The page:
UGA graduate school student Elizabeth Wrobel and fiancé Trevor Richards have been fostering for Three Paws since February 2019. Wrobel started fostering when she found an emaciated stray Doberman at a gas station parking lot. She searched for an adopter to rescue the dog while it was held at Animal Control waiting to be claimed by owners who never came. Three Paws offered to rescue her from the county animal shelter if Wrobel would foster her, and the dog was named Athena. Wrobel learned that the rescue group provides spaying, neutering and microchipping services for all animals in its care. It provides food, leashes, collars and medication—foster homes only need to provide love, socialization and comfort. Athena was adopted to a wonderful home, and Wrobel’s foster journey continued. Currently, Wrobel and Richards primarily foster kittens. “Getting to help homeless animals is one of my greatest joys,” Wrobel said.
Erika Carter, her husband and their three young children began to foster when their 14-year-old beloved pit bull mix, Jasemine, was terminally ill with bone cancer. Their younger rescue dog, Roscoe, suffered from separation anxiety, and they were concerned that Roscoe would be devastated and unable to recover when Jasemine passed. Carter’s family fostered a border collie mix that comforted Jasemine in her last days and was a companion to Roscoe when she lost her furry friend. As Carter continued to foster, she found that Roscoe no longer had separation anxiety. “I wish I would have known about the fostering process years ago, as it has helped our family in more ways than we can mention,” Carter said. “We are also teaching our children how to give back to the community.”
Third grade teacher Morgan Hollingsworth and husband Ryan, a paramedic, also foster for Three Paws. They had one dog and were considering adopting a second, so fostering enabled them to see if a two-dog family would work for them. They enjoyed their foster dog, Sansa, so much that they decided to keep her. They hesitated to foster more for fear of wanting to keep them all. However, while volunteering at MOAS, Hollingsworth met a puppy that needed a foster. MOAS connected with Three Paws, and the family has since fostered four dogs, all of whom were adopted.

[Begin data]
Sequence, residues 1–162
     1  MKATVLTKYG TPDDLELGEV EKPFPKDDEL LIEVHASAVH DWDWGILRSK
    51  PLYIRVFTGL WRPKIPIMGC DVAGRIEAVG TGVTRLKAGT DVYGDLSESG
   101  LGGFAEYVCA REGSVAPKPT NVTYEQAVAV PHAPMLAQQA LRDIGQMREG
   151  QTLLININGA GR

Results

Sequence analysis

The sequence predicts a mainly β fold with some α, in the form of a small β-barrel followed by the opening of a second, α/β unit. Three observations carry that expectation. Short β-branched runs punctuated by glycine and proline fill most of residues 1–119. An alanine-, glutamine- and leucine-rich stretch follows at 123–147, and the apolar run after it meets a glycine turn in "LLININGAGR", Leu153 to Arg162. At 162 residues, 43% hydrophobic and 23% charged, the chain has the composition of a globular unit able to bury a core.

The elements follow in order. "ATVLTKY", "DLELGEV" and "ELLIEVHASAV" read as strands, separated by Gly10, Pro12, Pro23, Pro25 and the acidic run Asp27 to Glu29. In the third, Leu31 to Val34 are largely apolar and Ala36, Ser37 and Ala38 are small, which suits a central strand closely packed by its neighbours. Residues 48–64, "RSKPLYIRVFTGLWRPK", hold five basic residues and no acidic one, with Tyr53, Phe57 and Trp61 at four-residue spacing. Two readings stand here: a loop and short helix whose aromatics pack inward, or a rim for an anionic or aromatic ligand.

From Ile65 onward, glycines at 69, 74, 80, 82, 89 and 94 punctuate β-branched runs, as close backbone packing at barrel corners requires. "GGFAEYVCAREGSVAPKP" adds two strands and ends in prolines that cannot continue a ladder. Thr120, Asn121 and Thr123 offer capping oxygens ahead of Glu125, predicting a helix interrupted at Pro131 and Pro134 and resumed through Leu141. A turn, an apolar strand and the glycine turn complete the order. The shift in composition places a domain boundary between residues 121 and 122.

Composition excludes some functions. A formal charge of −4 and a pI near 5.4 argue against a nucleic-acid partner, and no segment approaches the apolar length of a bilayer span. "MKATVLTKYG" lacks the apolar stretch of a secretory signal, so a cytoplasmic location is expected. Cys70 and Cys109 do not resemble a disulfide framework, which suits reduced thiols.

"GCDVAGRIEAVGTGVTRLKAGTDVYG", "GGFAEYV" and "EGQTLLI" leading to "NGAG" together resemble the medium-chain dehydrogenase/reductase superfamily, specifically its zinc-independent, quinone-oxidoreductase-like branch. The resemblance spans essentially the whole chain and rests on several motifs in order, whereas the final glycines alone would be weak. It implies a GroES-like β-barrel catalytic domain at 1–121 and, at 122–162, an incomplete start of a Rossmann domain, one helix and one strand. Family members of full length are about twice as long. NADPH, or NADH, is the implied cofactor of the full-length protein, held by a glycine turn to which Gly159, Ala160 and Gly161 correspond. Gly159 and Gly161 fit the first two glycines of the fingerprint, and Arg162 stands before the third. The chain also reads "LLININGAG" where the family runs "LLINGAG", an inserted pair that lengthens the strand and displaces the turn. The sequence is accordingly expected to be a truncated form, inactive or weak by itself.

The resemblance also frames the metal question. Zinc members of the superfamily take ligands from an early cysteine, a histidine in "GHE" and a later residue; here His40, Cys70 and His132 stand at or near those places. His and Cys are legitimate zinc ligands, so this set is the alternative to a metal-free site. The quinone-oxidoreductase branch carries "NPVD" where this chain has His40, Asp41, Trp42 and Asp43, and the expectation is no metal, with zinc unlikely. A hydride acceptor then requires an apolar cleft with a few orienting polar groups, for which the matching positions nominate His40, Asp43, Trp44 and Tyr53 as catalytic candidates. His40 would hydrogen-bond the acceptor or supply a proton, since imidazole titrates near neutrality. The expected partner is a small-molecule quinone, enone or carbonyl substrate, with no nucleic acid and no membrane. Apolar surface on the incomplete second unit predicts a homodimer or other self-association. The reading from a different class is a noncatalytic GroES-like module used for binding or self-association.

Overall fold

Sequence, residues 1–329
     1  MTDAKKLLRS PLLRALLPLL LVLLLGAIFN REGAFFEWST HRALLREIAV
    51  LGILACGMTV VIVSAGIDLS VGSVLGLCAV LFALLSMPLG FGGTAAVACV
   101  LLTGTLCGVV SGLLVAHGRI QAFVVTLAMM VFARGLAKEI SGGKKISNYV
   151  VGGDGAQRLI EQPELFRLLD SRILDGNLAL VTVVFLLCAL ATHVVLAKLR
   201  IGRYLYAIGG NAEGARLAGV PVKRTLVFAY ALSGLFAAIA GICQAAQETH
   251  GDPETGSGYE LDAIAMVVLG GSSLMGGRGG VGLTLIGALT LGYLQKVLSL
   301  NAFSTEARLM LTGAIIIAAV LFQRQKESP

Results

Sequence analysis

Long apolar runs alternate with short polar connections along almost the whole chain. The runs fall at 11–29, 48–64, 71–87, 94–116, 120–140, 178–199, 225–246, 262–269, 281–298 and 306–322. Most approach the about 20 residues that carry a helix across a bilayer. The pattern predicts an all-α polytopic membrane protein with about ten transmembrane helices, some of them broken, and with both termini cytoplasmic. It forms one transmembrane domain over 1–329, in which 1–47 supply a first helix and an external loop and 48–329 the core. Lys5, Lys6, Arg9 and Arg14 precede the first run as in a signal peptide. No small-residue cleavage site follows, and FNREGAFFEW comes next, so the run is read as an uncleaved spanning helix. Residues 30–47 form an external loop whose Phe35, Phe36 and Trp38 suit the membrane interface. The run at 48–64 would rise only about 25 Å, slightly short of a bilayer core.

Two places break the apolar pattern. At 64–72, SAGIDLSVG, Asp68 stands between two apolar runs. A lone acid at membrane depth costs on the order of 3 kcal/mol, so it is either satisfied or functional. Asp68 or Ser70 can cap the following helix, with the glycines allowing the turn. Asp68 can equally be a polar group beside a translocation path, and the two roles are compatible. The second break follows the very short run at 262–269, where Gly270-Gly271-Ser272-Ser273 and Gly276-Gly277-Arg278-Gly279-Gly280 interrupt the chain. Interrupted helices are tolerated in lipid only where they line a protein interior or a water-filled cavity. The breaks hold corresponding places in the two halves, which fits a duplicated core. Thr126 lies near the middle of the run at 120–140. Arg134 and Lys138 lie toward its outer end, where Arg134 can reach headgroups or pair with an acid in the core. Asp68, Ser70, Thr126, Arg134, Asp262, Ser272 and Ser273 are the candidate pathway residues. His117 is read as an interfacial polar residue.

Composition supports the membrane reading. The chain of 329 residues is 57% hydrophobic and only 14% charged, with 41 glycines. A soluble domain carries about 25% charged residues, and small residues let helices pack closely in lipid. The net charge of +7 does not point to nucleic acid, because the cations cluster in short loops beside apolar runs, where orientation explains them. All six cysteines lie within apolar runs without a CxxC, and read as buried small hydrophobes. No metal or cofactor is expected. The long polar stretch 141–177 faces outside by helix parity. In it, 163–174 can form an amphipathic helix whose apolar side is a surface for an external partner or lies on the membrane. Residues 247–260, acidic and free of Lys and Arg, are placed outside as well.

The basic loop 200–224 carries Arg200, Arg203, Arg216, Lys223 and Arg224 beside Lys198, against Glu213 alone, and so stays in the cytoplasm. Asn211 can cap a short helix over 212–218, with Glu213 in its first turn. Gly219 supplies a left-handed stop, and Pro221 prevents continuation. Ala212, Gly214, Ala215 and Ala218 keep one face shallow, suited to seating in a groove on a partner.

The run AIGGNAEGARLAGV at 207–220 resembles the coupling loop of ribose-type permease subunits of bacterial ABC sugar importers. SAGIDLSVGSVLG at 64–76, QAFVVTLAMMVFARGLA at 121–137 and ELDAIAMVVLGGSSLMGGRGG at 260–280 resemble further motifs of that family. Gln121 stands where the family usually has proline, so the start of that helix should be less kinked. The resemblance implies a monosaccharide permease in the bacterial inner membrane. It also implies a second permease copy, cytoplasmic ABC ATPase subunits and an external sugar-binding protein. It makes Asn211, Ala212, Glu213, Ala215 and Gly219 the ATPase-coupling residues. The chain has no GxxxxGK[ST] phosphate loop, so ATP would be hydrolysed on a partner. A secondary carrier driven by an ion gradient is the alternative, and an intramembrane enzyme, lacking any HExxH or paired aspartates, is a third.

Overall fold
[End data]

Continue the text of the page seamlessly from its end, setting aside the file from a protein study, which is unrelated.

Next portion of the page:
Cari Sue Keller, another elementary school teacher who volunteers for Three Paws, is fostering 12-year-old Little indefinitely. Keller wants to spoil Little for the rest of his days, and he is considered a hospice foster due to his age. He was ill and malnourished when turned in to the shelter, but has recovered. The “fospice” (foster and hospice) option works well for Keller, because she believes she would “foster fail” one after another and have a house full of dogs. Little is also a companion for Keller’s 6-year-old granddaughter, Cady.
Three Paws foster volunteers include single men and women, couples, and families with children and grandchildren of all ages. Some foster regularly, and others jump in when they can. Some have dogs or cats, and others do not. Most have hectic schedules with school, family, work and other obligations. Three Paws works with foster families to find dogs that fit best for their situation.
Anyone considering fostering may contact Three Paws and apply without making a long term commitment. Applications for fostering and adoption are available at threepawsrescue.org.